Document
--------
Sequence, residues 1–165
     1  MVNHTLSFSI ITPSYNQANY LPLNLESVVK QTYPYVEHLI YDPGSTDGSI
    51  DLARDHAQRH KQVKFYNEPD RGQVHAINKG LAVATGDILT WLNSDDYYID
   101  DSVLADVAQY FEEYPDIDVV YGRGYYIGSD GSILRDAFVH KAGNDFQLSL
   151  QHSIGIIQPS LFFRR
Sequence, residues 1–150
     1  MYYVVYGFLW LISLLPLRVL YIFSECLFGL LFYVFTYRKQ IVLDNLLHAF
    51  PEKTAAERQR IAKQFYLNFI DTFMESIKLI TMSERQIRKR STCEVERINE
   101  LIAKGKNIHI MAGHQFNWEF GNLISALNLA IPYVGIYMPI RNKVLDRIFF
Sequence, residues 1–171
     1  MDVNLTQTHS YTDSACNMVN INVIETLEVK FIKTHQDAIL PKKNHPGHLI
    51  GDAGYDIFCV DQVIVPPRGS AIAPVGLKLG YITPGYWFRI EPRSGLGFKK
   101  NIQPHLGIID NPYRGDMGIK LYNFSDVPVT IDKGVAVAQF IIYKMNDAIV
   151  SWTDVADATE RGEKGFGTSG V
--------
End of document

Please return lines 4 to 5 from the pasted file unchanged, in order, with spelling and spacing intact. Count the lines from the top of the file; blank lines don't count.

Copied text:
   101  DSVLADVAQY FEEYPDIDVV YGRGYYIGSD GSILRDAFVH KAGNDFQLSL
   151  QHSIGIIQPS LFFRR